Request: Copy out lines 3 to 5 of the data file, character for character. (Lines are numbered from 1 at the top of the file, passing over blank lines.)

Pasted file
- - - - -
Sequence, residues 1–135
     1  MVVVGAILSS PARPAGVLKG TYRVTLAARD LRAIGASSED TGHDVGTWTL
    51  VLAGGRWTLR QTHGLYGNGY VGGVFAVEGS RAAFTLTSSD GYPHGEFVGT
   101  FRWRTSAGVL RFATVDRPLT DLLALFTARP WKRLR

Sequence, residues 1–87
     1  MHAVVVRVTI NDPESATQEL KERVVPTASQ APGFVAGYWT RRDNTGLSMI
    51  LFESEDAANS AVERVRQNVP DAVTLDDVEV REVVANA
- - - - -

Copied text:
    51  VLAGGRWTLR QTHGLYGNGY VGGVFAVEGS RAAFTLTSSD GYPHGEFVGT
   101  FRWRTSAGVL RFATVDRPLT DLLALFTARP WKRLR

Sequence, residues 1–87